“They’re the two most prominent long-distance races in the world, along with [the 24 Hours of] Le Mans,” says Hurley Haywood, 68, the most accomplished American endurance racer in history, with five overall victories at Daytona and two at Sebring. “We are lucky to have both of those races and racetracks in this country. Both have been international affairs…a lot of Europeans coming over. They go back and tell their friends, and that’s good business for everybody.”
The International Motor Sports Association (IMSA), which sanctions the sports car races Rolex 24 and Sebring 12, has two classes of prototype cars—purpose-built racing machines—and two classes of touring cars, which are based on their respective production models. Owners and fans of Corvettes, Porsche 911s, Lamborghini Huracans, Ford GTs and Audi R8s can root for their racecar equivalents.
Cars matter, but so do the drivers. International all-star driver lineups add luster at Daytona and Sebring. Daytona attracts top drivers from NASCAR and IndyCar, since the seasons have yet to begin for those series.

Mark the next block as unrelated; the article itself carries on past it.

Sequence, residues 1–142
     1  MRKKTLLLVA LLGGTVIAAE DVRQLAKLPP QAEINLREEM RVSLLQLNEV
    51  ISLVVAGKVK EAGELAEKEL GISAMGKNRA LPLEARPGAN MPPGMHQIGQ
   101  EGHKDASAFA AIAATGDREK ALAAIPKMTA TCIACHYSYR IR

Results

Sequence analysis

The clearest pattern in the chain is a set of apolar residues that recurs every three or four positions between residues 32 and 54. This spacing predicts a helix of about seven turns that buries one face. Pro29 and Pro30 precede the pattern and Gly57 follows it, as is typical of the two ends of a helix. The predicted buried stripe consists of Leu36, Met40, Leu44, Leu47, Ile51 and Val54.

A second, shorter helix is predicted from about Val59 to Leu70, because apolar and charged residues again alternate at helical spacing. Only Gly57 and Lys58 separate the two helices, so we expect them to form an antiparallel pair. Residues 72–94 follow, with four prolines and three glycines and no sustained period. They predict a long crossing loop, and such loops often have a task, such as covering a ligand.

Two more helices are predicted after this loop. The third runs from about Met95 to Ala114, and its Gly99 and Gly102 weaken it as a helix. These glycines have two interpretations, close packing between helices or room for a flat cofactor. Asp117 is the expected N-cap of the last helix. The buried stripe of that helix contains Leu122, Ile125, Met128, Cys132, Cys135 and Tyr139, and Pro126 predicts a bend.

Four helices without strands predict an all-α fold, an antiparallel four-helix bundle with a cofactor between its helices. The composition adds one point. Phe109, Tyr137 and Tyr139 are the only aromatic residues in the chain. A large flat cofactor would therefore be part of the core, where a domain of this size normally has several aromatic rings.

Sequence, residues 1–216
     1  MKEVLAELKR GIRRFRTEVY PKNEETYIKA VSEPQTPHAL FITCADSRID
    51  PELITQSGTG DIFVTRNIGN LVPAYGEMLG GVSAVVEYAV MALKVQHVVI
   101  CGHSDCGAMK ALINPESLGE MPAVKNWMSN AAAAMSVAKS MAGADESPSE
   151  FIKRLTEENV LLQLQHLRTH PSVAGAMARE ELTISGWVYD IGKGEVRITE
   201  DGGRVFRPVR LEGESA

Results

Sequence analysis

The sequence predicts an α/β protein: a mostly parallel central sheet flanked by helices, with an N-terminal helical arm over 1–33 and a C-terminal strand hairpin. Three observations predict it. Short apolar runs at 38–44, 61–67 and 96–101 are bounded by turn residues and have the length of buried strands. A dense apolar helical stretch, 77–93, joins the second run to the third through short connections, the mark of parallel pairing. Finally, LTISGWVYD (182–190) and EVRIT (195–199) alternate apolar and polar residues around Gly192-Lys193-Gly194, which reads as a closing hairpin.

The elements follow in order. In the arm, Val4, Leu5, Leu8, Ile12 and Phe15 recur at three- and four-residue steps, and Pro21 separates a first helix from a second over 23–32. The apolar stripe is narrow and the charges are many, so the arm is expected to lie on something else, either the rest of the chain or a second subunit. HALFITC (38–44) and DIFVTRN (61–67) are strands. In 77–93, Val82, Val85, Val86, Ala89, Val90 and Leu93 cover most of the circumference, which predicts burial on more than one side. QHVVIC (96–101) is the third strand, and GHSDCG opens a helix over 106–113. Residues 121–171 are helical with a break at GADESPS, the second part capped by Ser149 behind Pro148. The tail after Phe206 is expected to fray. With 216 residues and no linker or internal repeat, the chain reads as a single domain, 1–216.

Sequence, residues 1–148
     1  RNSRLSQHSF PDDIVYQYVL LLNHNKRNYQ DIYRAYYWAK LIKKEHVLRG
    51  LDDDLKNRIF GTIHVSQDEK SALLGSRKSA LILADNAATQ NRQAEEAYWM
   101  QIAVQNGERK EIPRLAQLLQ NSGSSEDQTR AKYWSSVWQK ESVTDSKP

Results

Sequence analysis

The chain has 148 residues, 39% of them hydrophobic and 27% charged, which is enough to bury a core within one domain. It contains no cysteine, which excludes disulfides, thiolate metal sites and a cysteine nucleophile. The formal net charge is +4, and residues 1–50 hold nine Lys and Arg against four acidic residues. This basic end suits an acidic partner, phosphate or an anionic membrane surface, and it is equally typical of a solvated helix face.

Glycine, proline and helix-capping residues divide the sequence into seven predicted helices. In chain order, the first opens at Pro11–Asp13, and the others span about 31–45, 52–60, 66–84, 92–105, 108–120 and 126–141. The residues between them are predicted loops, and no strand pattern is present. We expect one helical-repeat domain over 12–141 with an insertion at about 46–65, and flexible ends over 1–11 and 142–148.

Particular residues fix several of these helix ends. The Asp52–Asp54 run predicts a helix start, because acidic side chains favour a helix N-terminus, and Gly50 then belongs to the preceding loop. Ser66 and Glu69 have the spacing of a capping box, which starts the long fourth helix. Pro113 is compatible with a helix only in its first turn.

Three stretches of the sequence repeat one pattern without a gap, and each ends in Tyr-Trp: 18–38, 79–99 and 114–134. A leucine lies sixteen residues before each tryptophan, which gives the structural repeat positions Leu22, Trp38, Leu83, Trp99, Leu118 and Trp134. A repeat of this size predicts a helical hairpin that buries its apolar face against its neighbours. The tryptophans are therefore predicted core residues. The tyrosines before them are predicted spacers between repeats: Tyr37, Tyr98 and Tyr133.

“If you go back and trace the guys who have raced at Daytona or Sebring, it’s a who’s who of racing,” says Haywood, who lives in St. Augustine. “Every famous driver you’ve ever heard of raced in one of those two races—Paul Newman, Steve McQueen and Patrick Dempsey.”
Among other celebrities who’ve raced at Sebring: James Brolin, Gene Hackman, Lorenzo Lamas, David Carradine, Dick Smothers and Walter Cronkite. Yes, the famed newscaster drove a Lancia in the 1959 race and witnessed a fatal crash during pre-race practice when Edwin Lawrence flipped his Maserati multiple times.
“The iconic race in Sebring history was in 1970, when Steve McQueen just missed winning,” Breslauer says. “He was co-driving with Peter Revson, the heir to the Revlon cosmetics fortune, and they were driving a Porsche that had no business competing for the overall win. Yet they were leading with only a few minutes left when Mario Andretti swept passed them. The fact that McQueen, who was driving with a broken ankle, nearly won the race has been the classic moment in Sebring history.”